Last year, former Observer scribe John Koblin was telling us breathlessly how Condé Nast's executive director of digital magazine development, Scott Dadich, was going to save magazines. In Koblin's words, the guy was "scary-smart" and "widely seen as the guy who can bridge magazine design and technology, and bring the business one step closer to salvation." He was "the new It Boy of publishing" as of last August. "Someday, when they tell the story of how digital magazines saved Condé Nast, it will begin in San Francisco’s Caffé Centro sometime in May 2009," we were told. (It was then that Dadich first shared his idea for a Wired iPad app.)
Well, it's a year later, and are we telling that story yet? About how Dadich saved Condé Nast's magazines? Not quite.
Under new editorship, the Observer has broken the news to us that, in fact, pretty much all of that was wrong. In a story by Intel alumn Nitasha Tiku, the salmon-colored paper concedes that Dadich was, well, over-hyped. "It’s hard to find a print dinosaur that doesn’t drool a little, post-recession, over the possibility of wading into a teeming new revenue stream," Tiku writes, explaining why Dadich's allies lapsed hyperbolic a year ago. Back then they compared him to "some sort of combination of Jesus and Pele" and claimed that "with a talent like Scott, magazines will never die."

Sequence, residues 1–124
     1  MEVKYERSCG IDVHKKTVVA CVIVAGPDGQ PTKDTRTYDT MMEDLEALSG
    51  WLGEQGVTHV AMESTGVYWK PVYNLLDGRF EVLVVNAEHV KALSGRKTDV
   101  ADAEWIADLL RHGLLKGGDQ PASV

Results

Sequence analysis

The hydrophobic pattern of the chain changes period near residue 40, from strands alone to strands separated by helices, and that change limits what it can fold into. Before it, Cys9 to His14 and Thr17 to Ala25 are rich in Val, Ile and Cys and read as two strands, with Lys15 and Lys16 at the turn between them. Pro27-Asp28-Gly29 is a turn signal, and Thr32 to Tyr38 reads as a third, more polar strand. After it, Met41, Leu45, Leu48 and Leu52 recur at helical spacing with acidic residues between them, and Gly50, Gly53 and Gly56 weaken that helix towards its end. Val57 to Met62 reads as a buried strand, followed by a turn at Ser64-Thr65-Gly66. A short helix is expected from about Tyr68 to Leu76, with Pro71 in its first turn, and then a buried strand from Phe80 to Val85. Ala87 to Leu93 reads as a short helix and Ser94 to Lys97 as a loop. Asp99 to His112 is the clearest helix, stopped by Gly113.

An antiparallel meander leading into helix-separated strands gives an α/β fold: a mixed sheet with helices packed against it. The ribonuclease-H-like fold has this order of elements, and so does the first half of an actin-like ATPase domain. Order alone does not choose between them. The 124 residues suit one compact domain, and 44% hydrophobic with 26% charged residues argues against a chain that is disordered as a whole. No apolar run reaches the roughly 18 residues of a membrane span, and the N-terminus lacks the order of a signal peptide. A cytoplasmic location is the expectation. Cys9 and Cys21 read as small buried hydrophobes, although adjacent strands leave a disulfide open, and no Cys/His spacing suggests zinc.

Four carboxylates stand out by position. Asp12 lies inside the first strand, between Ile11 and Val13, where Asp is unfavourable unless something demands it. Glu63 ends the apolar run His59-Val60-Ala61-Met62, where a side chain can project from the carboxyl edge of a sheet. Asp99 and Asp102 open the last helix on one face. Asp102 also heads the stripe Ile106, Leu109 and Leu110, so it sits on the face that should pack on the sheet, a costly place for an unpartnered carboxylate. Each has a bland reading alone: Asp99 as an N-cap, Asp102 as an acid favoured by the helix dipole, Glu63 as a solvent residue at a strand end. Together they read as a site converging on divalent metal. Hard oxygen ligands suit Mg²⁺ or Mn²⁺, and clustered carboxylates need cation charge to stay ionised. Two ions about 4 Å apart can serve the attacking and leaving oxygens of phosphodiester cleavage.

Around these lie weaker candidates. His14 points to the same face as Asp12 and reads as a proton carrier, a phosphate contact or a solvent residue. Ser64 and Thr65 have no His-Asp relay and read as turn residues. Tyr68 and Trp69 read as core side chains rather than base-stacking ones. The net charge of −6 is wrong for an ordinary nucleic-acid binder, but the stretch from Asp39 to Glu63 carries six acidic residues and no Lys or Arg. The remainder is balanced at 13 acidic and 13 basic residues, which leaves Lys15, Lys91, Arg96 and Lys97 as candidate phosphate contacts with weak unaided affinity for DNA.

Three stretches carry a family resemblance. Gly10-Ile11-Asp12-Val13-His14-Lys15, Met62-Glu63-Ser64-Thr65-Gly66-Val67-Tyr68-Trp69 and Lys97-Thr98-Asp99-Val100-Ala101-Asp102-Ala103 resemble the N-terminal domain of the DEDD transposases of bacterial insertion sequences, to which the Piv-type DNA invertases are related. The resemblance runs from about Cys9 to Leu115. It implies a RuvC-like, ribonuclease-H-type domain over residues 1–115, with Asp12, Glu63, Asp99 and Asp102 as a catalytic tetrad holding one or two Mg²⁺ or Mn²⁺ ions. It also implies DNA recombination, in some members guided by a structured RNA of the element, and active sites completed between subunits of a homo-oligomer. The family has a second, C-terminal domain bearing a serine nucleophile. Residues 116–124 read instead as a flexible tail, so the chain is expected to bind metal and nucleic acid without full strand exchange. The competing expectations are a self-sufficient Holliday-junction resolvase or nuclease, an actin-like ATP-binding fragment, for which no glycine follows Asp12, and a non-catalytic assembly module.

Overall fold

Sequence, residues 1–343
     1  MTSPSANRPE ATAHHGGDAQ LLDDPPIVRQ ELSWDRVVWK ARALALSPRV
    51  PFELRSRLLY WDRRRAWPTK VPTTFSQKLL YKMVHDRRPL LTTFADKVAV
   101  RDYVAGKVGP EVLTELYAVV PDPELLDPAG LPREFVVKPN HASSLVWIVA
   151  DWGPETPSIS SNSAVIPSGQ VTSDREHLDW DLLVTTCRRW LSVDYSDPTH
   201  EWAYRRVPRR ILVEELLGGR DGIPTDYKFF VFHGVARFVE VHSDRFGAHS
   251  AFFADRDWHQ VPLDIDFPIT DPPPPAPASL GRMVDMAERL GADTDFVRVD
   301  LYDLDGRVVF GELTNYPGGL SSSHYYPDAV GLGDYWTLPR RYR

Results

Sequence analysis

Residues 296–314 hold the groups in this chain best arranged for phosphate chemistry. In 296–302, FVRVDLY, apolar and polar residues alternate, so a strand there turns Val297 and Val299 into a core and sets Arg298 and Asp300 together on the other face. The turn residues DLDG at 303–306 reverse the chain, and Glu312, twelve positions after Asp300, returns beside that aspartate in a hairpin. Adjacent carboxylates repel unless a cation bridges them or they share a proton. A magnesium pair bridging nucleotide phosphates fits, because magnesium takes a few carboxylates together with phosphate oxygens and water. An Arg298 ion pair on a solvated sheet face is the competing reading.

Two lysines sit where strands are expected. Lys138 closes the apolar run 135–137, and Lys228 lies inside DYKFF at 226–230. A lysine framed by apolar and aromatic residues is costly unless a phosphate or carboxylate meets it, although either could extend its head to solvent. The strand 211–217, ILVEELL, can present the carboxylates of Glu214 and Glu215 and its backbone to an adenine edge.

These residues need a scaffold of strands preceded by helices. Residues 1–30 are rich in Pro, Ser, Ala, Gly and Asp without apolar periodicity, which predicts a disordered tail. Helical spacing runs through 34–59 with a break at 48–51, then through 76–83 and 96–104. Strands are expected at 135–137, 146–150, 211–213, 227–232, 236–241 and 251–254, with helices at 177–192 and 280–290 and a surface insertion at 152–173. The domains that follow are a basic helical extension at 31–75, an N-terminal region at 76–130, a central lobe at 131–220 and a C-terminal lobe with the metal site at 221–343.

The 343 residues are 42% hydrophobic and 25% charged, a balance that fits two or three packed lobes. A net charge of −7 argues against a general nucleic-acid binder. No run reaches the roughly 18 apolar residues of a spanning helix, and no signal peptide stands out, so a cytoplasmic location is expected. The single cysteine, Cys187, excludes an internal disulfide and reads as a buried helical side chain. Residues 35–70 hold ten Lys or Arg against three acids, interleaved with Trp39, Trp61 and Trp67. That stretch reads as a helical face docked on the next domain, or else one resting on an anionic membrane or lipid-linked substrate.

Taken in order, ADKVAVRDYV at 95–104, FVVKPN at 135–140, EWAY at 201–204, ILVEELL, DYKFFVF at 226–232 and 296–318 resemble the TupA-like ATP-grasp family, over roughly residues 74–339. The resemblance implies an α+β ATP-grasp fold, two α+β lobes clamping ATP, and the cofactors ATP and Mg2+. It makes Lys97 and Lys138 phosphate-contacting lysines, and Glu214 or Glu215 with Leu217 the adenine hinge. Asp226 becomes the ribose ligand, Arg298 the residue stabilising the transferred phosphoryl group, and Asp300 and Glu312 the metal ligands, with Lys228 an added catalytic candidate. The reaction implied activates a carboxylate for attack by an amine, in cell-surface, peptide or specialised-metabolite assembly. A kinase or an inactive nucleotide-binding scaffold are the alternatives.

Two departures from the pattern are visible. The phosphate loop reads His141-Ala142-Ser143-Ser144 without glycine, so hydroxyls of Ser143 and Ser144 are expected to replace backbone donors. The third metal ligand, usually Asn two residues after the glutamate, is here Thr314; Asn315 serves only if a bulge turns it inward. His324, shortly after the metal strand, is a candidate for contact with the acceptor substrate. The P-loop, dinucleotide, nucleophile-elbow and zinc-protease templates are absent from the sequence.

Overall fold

See, Condé Nast wanted to jump into the iPad market, but they didn't want to hire anybody extra to help them do it. So design folks who were already busy putting together print magazines were also tasked with putting together (significantly different) tablet designs. It was a strain on resources, and even as designers worked hard to churn out the apps, fewer and fewer people were reading them. In some cases, PDF versions of the magazines that can be downloaded on the Nook do better than iPad versions. A partnership with Adobe also clipped the wings of the development teams.
Now, instead of serving as savior, it looks like Dadich may be the one in need of saving. "It doesn’t appear likely that Mr. Dadich is on his way to the guillotine. But there are certainly those ready to plot a coup," Tiku writes. "Many of the sources who spoke to the Observer wondered why, in a city suddenly teeming with venture capitalists, entrepreneurs and coders, a print guy like Mr. Dadich was picked to lead the way in the first place. One told the Observer that, last year, even Adobe requested a different point person better versed in interactive design."
Condé Nast, as steeped in tradition and personality as it is, will probably never learn its lesson to not build up its kings and queens so quickly. But one can assume the Observer, in this new, edgier-again era, is going to eye them much more skeptically going forward.